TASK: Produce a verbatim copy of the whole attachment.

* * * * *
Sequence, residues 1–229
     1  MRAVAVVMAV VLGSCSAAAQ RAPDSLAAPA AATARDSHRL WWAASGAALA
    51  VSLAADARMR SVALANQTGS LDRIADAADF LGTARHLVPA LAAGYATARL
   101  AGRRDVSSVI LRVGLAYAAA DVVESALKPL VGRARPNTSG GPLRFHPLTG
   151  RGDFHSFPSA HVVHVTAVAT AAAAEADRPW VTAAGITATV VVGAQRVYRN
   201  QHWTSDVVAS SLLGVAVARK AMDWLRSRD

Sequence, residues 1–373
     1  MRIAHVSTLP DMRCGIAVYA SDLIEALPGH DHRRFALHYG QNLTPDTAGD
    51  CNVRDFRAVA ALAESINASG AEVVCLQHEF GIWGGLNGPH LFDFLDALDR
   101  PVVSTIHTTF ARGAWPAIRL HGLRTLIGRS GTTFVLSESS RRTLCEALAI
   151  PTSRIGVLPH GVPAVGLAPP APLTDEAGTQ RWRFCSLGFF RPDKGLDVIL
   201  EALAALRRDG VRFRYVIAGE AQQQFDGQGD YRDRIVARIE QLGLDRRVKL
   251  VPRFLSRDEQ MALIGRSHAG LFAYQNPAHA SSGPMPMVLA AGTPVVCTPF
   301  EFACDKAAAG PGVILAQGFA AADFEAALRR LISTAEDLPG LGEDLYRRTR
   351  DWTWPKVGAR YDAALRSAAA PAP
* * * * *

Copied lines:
Sequence, residues 1–229
     1  MRAVAVVMAV VLGSCSAAAQ RAPDSLAAPA AATARDSHRL WWAASGAALA
    51  VSLAADARMR SVALANQTGS LDRIADAADF LGTARHLVPA LAAGYATARL
   101  AGRRDVSSVI LRVGLAYAAA DVVESALKPL VGRARPNTSG GPLRFHPLTG
   151  RGDFHSFPSA HVVHVTAVAT AAAAEADRPW VTAAGITATV VVGAQRVYRN
   201  QHWTSDVVAS SLLGVAVARK AMDWLRSRD

Sequence, residues 1–373
     1  MRIAHVSTLP DMRCGIAVYA SDLIEALPGH DHRRFALHYG QNLTPDTAGD
    51  CNVRDFRAVA ALAESINASG AEVVCLQHEF GIWGGLNGPH LFDFLDALDR
   101  PVVSTIHTTF ARGAWPAIRL HGLRTLIGRS GTTFVLSESS RRTLCEALAI
   151  PTSRIGVLPH GVPAVGLAPP APLTDEAGTQ RWRFCSLGFF RPDKGLDVIL
   201  EALAALRRDG VRFRYVIAGE AQQQFDGQGD YRDRIVARIE QLGLDRRVKL
   251  VPRFLSRDEQ MALIGRSHAG LFAYQNPAHA SSGPMPMVLA AGTPVVCTPF
   301  EFACDKAAAG PGVILAQGFA AADFEAALRR LISTAEDLPG LGEDLYRRTR
   351  DWTWPKVGAR YDAALRSAAA PAP